Transitions from One Electronic Health Record to Another: Challenges, Pitfalls, and Recommendations

Appl Clin Inform. 2020 Oct;11(5):742-754. doi: 10.1055/s-0040-1718535. Epub 2020 Nov 11.

Abstract

Objective: We address the challenges of transitioning from one electronic health record (EHR) to another-a near ubiquitous phenomenon in health care. We offer mitigating strategies to reduce unintended consequences, maximize patient safety, and enhance health care delivery.

Methods: We searched PubMed and other sources to identify articles describing EHR-to-EHR transitions. We combined these references with the authors' extensive experience to construct a conceptual schema and to offer recommendations to facilitate transitions.

Results: Our PubMed query retrieved 1,351 citations: 43 were relevant for full paper review and 18 met the inclusion criterion of focus on EHR-to-EHR transitions. An additional PubMed search yielded 1,014 citations, for which we reviewed 74 full papers and included 5. We supplemented with additional citations for a total of 70 cited. We distinguished 10 domains in the literature that overlap yet present unique and salient opportunities for successful transitions and for problem mitigation.

Discussion: There is scant literature concerning EHR-to-EHR transitions. Identified challenges include financial burdens, personnel resources, patient safety threats from limited access to legacy records, data integrity during migration, cybersecurity, and semantic interoperability. Transition teams must overcome inadequate human infrastructure, technical challenges, security gaps, unrealistic providers' expectations, workflow changes, and insufficient training and support-all factors affecting potential clinician burnout.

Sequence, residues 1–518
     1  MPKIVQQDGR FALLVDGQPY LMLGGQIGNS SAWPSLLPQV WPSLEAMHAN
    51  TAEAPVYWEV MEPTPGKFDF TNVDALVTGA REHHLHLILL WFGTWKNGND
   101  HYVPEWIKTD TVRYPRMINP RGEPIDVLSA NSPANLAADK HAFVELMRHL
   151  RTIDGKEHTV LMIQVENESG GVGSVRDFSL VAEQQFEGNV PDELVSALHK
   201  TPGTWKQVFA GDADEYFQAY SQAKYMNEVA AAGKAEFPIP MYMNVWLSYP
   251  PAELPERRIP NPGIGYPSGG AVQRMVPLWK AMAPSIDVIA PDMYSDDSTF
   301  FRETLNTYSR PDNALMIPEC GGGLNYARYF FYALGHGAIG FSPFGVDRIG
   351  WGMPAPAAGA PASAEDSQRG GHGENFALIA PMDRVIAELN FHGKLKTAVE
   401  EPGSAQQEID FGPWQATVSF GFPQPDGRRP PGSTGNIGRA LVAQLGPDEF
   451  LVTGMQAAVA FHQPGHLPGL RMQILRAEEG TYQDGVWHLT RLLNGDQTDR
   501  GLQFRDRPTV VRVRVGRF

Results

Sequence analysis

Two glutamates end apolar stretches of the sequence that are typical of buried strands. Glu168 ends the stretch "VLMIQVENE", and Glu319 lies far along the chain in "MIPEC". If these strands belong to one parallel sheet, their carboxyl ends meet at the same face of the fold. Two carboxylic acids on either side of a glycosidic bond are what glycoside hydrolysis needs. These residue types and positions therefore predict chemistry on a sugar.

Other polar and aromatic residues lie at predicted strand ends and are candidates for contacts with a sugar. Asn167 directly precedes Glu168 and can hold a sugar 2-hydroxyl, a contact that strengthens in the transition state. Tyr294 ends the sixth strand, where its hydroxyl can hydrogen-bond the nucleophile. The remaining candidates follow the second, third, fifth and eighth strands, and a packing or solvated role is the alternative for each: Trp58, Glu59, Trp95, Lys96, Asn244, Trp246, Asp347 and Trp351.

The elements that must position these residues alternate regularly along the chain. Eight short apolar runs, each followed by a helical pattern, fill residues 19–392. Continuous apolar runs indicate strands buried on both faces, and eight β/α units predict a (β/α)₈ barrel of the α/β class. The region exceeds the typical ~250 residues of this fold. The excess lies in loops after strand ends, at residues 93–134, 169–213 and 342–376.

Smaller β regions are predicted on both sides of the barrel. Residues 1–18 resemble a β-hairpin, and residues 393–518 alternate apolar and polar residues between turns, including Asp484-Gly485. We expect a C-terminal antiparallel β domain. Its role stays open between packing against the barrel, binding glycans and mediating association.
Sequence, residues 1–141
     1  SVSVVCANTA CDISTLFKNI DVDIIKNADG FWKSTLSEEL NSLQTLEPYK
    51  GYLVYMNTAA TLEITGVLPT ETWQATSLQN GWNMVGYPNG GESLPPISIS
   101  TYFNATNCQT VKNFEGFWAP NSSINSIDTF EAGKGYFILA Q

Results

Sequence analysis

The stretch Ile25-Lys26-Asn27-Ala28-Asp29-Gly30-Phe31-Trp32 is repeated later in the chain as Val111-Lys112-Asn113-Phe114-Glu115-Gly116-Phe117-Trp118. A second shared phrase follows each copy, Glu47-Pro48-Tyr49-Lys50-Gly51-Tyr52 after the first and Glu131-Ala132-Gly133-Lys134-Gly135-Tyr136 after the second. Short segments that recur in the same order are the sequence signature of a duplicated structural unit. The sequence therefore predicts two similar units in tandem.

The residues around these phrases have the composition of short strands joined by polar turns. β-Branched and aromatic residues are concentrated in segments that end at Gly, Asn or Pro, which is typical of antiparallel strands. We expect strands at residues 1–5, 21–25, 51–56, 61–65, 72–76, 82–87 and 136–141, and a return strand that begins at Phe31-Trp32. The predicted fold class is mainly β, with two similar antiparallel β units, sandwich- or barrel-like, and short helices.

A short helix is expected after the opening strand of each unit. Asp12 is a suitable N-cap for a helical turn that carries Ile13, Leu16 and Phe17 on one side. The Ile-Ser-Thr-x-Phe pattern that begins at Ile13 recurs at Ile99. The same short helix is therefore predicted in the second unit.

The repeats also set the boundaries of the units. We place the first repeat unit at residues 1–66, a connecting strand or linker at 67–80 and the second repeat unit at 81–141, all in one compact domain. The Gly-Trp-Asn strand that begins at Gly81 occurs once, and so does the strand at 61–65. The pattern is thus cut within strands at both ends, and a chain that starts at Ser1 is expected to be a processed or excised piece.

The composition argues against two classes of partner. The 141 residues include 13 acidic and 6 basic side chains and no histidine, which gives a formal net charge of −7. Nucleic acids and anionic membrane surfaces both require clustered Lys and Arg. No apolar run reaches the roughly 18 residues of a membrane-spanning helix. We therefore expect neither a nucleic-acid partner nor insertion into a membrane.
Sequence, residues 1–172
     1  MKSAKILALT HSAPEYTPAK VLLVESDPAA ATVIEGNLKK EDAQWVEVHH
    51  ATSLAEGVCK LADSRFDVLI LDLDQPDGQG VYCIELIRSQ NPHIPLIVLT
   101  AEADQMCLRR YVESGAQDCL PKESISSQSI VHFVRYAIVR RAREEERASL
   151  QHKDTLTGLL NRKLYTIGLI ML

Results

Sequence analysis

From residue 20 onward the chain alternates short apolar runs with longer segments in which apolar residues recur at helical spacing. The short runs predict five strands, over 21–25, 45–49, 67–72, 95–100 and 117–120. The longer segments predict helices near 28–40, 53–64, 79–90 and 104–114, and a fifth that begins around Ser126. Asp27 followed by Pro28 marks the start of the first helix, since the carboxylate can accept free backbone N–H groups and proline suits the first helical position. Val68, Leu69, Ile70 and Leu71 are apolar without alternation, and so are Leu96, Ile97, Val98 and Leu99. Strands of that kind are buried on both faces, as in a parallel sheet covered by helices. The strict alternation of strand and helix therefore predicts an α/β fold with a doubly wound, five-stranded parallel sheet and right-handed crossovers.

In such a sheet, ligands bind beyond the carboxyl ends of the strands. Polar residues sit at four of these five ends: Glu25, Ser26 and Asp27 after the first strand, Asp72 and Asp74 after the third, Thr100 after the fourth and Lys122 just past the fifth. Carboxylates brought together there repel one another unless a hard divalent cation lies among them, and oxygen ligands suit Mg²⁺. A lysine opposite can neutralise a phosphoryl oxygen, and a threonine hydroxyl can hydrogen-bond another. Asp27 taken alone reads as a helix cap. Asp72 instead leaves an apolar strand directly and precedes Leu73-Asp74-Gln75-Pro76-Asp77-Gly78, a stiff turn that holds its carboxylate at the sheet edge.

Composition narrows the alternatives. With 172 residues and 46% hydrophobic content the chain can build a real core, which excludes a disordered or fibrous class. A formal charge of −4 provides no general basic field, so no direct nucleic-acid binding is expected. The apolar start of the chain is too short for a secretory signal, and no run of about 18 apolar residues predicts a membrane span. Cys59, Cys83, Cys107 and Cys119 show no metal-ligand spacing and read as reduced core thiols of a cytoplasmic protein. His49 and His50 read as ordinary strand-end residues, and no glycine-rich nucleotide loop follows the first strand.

Conclusion: EHR transitions are remarkably expensive, laborious, personnel devouring, and time consuming. The paucity of references in comparison to the topic's salience reinforces the necessity for this type of review and analysis. Prudent planning may streamline EHR transitions and reduce expenses. Mitigating strategies, such as preservation of legacy data, managing expectations, and hiring short-term specialty consultants can overcome some of the greatest hurdles. A new medical subject headings (MeSH) term for EHR transitions would facilitate further research on this topic.

MeSH terms

  • Burnout, Professional*
  • Electronic Health Records*
  • Humans
  • PubMed
  • Workflow

Grant support

Funding None.